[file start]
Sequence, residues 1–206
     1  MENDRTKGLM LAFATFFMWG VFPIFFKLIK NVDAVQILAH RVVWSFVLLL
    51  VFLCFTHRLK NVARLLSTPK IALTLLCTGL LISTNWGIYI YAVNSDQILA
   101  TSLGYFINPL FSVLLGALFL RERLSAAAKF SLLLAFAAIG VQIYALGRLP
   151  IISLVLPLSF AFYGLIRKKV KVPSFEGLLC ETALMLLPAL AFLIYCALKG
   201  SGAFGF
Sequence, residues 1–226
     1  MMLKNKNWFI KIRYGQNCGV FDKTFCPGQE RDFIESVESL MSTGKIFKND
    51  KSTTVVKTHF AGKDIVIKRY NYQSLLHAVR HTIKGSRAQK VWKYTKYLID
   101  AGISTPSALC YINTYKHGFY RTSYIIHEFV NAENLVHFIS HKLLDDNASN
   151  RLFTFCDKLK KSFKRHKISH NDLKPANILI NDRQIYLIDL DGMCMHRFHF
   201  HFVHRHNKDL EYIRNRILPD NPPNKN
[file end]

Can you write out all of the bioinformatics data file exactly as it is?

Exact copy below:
Sequence, residues 1–206
     1  MENDRTKGLM LAFATFFMWG VFPIFFKLIK NVDAVQILAH RVVWSFVLLL
    51  VFLCFTHRLK NVARLLSTPK IALTLLCTGL LISTNWGIYI YAVNSDQILA
   101  TSLGYFINPL FSVLLGALFL RERLSAAAKF SLLLAFAAIG VQIYALGRLP
   151  IISLVLPLSF AFYGLIRKKV KVPSFEGLLC ETALMLLPAL AFLIYCALKG
   201  SGAFGF
Sequence, residues 1–226
     1  MMLKNKNWFI KIRYGQNCGV FDKTFCPGQE RDFIESVESL MSTGKIFKND
    51  KSTTVVKTHF AGKDIVIKRY NYQSLLHAVR HTIKGSRAQK VWKYTKYLID
   101  AGISTPSALC YINTYKHGFY RTSYIIHEFV NAENLVHFIS HKLLDDNASN
   151  RLFTFCDKLK KSFKRHKISH NDLKPANILI NDRQIYLIDL DGMCMHRFHF
   201  HFVHRHNKDL EYIRNRILPD NPPNKN